For the most part, the service was absolutely wonderful. The waitress was super friendly, attentive and accommodating. She had it down to a science: prompt without being pushy, friendly without being obnoxious, and she didn't rush me out the door. The busboy, on the other hand, took my plate while my head was turned. Mind you, my plate still had part of my sandwich and most of my fries left! He didn't even ask if I was done. I turned and caught him mid-snatch, too stunned to say anything. I wasn't going to miss my plate of soggy potatoes and mushy brioche, but jeez, ask before you clear someone's meal! The waitress, on the other hand, encouraged me to loiter with my blessed cup of ice water and my latest Freecycle acquisition, a huge canvas bag filled with magazines. This, dear reader, was the best part of my meal.

The Surroundings:

I wish Dizzy's worked on their food as hard as they work on their kitschy decor. The atmosphere is mellow and relaxed, with a cheery red, yellow, and lime-green color scheme that brightens and expands the cozy space. Jazz plays at a pleasant volume.

But, this being "the finer diner," they couldn't stop at that, no. Jumbo, multicolored lights adorned the vent pipe mounted on the ceiling, and vintage diner signs competed with artsy black-and-white framed prints of what appeared to be farm machinery, which competed with a huge wall clock flanked by framed pictures of kittens. Yes, really. This is what would happen if the diner from Happy Days mated with a truck-stop eatery while watching Terry Gilliam's Brazil. (Side note: am I the only cinephile that doesn't fellate this movie at any given opportunity? Is it really strange that, twelve years after viewing this film for a cinema class, I can't look at a vent pipe or duct without thinking about it? Should I really give it a second chance like my Gilliam-loving friend, Kid A, urged? I NEED YOUR GUIDANCE.)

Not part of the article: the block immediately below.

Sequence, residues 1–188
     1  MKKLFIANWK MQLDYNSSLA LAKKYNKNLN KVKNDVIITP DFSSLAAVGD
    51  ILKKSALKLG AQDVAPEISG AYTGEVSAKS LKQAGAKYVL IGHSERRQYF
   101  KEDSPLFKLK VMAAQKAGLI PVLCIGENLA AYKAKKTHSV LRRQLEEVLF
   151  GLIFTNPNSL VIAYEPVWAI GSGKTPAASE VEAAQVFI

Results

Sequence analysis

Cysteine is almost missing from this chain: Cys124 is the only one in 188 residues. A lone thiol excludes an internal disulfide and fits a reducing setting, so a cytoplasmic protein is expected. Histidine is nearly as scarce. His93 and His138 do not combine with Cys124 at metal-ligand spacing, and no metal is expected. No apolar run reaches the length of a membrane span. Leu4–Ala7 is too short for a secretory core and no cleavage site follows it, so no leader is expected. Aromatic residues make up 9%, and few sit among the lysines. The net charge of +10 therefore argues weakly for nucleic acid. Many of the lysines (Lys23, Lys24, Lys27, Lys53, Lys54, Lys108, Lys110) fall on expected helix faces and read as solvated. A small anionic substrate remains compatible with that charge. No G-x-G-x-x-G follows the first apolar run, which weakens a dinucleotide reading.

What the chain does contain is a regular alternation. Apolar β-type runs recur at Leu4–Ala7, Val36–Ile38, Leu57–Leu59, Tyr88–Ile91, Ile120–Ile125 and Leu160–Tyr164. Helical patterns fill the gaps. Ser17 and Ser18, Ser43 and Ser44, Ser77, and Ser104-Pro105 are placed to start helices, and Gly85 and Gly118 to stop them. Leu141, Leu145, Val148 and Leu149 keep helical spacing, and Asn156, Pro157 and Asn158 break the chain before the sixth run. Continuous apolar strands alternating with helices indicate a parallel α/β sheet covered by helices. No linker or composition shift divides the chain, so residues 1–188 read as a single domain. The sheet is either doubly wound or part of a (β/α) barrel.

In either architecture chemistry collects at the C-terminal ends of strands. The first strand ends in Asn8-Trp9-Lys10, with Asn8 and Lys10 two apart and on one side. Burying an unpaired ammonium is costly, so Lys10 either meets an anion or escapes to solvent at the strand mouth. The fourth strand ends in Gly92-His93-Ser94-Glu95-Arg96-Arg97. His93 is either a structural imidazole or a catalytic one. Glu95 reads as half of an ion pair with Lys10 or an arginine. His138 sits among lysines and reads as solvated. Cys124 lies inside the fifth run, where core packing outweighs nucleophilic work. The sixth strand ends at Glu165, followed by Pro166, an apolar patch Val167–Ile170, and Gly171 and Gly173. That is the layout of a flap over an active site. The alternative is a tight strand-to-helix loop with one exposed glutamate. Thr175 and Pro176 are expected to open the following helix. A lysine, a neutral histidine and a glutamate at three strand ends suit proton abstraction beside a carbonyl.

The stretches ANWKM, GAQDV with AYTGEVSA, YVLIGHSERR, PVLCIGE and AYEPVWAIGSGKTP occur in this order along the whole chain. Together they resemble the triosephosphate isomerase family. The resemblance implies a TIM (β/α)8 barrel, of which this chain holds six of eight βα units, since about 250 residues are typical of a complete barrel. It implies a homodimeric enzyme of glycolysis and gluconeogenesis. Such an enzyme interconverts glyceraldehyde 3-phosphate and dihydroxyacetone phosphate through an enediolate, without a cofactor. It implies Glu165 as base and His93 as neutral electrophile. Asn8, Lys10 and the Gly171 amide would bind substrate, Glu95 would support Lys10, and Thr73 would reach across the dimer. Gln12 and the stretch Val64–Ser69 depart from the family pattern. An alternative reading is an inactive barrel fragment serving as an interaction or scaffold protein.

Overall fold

They offer soy milk (a rarity in the diner circuit) for their beverages and homemade granola, which they sell by the pound. Rumor has it they will substitute tofu for eggs if you ask nicely. The salt and pepper shakers have huge holes: one shake coated my fries. The ketchup came in a classic red picnic squeeze bottle, which appealed to the nostalgia fiend inside me (nay, inside us all). Their sugar comes in packets, but you won't have to worry about that because you are never going to order their coffee. EVER. They even have the nerve to sell it by the pound. I mean, it's Barrie House, so I'm sure if you want to brew it at home, you'll be fine, but Just go to Naidre's or Ozzie's or Gorilla Coffee and get some great coffee for about the same price. All of them are located in the surrounding area, and the amazing elixir these beans create is so worth the travel! ["Note: get the beans at Ozzie's on 5th, NOT the brewed verzh. Tastes like ozone." -- ed.]

Dizzy's has a real-deal cappuccino machine, not the 7-11-esque dispenser so many diners have, but I do not trust these people to brew up a shot of espresso. I just don't.

Also, Dizzy's is hiring. Just thought I'd put that out there.

I really wanted to like this place. Dizzy's has all the ingredients that should make it great, but somehow, none of it works. None of the amenities or coziness matter because the food is just plain bad. I'll take my classic diner food done right, thanks. It's a shame; someone took a long time coming up with a fantastic menu full of potential. Someone's asleep at the flat top. And the counter. Those bus boys, on the other hand? Wide awake and ready to snatch your dreary meal out from under your nose.

Dizzy's, there are far finer diners than you. You get a D.

Dizzy's on Urbanspoon